Contact: Jossey-Bass Publishers, John Wiley & Sons, Inc. Corporate Headquarters, 111 River Street, Hoboken, NJ 07030, Telephone: (201) 748-6000 Fax: (201) 748-6088 E-mail: info@wiley.com Web Site: http://www.JosseyBass.com $24.95 plus $4.00 shipping and handling. Document Number: ISBN 1-55542-557-7.

Keywords: Adolescents, Adults, Community service, Mentors, Urban population, Volunteers

Beck ML. 1988. Rural volunteer support systems for pregnant and parenting teens: A how to manual for case management programs. Nampa, ID: Terry Reilly Health Services, 50 pp.

Annotation: This manual describes one rural area's experience in establishing a volunteer system of support for pregnant and parenting adolescents. It describes the program and discusses community needs assessment, developing community support, using an interagency coordinating task force, setting up a volunteer project, ongoing supervision of volunteers, support groups, and rural barriers to service. [Funded by the Maternal and Child Health Bureau]

Contact: Terry Reilly Health Services, 211 16th Avenue North, Nampa, ID 83653-0009, Telephone: (208) 467-4431 Fax: (208) 467-7684 Web Site: http://www.trhs.org/ Limited quantities available at no charge.

Keywords: Adolescent health, Adolescent parents, Collaboration, Health services, Manuals, Pregnant adolescents, Volunteers

Taylor H, Kagay M, Ross J. 1988. A catalyst for action: A national survey to mobilize leadership and resources for the prevention of alcohol and other drug problems among American youth. New York, NY: Louis Harris and Associates, 78 pp.

Annotation: This report aims to help those who want to identify, generate, and mobilize community leadership and resources to prevent the use and abuse of alcohol and drugs by young people under age 18. The study is based on telephone interviews conducted in 1987 from national samples of 1,000 community leaders, 1,000 grant makers, and 100 national prevention experts. The report identifies current activities addressing the problem, prevention strategies, barriers in prevention efforts, sources of funding, and implications for action by the three specific groups.

Contact: Harris Interactive, 60 Corporate Woods, Rochester, NY 14623, Telephone: (585) 272-8400 Secondary Telephone: (800) 866-7655 E-mail: info@harrisinteractive.com Web Site: http://www.harrisinteractive.com/ Available in libraries.

Keywords: Community based programs, Organizations, Prevention, Substance abuse, Volunteers, Youth

Davidson County (North Carolina) Health Department. 1988. The Davidson Project: Reducing risk factors associated with premature births—Training manual. Lexington, NC: Davidson County Health Department, ca. 75 pp.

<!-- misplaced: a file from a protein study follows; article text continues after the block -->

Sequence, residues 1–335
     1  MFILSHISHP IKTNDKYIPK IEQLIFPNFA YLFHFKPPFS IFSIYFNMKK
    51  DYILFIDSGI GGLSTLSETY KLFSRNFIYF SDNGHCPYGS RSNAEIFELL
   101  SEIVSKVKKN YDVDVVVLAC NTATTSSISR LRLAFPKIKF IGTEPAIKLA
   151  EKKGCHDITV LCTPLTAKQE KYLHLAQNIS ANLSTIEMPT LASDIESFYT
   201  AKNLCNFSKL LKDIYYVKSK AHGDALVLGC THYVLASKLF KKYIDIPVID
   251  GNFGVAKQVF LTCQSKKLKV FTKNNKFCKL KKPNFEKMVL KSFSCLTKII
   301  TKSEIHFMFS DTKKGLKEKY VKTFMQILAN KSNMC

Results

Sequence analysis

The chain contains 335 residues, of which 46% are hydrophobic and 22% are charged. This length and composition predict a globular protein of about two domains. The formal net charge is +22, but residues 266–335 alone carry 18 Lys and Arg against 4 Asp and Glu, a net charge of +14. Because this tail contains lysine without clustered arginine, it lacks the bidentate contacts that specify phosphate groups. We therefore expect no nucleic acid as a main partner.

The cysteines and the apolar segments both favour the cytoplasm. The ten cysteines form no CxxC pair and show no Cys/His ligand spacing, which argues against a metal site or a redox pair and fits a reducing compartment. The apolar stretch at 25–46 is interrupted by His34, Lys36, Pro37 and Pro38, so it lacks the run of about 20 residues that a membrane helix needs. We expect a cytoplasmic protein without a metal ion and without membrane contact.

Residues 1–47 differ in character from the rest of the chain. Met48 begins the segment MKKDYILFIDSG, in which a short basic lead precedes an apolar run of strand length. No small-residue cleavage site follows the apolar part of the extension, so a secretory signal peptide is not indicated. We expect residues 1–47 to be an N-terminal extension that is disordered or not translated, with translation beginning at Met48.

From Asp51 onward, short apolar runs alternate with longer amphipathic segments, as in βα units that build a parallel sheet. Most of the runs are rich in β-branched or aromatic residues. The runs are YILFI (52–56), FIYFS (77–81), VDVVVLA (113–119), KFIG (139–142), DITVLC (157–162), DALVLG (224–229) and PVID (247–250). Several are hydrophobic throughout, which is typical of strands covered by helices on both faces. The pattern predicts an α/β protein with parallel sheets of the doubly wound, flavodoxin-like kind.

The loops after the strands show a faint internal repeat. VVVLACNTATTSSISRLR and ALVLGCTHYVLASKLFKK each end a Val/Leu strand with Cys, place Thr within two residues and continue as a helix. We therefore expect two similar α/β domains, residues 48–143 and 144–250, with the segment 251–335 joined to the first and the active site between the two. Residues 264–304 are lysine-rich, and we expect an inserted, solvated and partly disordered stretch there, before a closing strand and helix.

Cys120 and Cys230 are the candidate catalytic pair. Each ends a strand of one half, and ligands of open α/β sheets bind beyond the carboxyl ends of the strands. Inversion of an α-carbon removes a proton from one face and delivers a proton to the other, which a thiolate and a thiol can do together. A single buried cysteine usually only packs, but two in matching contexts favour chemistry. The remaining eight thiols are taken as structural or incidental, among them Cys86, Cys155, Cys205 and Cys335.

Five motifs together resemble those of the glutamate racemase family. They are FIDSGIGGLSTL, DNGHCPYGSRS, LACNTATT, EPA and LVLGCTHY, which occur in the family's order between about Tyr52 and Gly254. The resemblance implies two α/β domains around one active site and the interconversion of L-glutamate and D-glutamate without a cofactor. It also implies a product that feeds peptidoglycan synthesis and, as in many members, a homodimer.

Annotation: This manual was designed for volunteers in the Davidson project of reducing risk factors associated with premature births. The manual includes program policy guidelines; volunteer forms and job description; coordinator forms pertaining to volunteers; patient forms; a section on communication including excerpts on reality therapy and perceptual psychology, and information on parenting disorders; Davidson County Health Department services; and inserts on infant mortality, a risk assessment scoring sheet, preterm labor instructions for the patient, a guide to raising children, and photocopied articles on adolescent pregnancy. [Funded by the Maternal and Child Health Bureau]

Contact: Davidson County Health Department, 915 Greensboro Street, Lexington, NC 27292, Telephone: (336) 242-2000 Web Site: http://www.dchdnc.com/

Keywords: Adolescent pregnancy, Health services, High risk populations, High risk pregnancy, Mothers, Pregnancy outcome, Preterm birth, Psychology, Risk assessment, Socioeconomic factors, Training, Volunteers, Women

Scholtes P. 1985. Connecting volunteers with teenage parents: A good way to beat the odds. [No place], WI: Family Enhancement Program, 104 pp.

Southern Regional Health Forum (1974: Atlanta, GA). 1975. Report of the Southern Regional Health Forum, Atlanta, Georgia, September 8-10, 1974 on developing a community health care strategy for children and youth. New York, NY: National Health Council, 112 pp.

   

This project is supported by the Health Resources and Services Administration (HRSA) of the U.S. Department of Health and Human Services (HHS) under grant number U02MC31613, MCH Advanced Education Policy, $3.5 M. This information or content and conclusions are those of the author and should not be construed as the official position or policy of, nor should any endorsements be inferred by HRSA, HHS or the U.S. Government.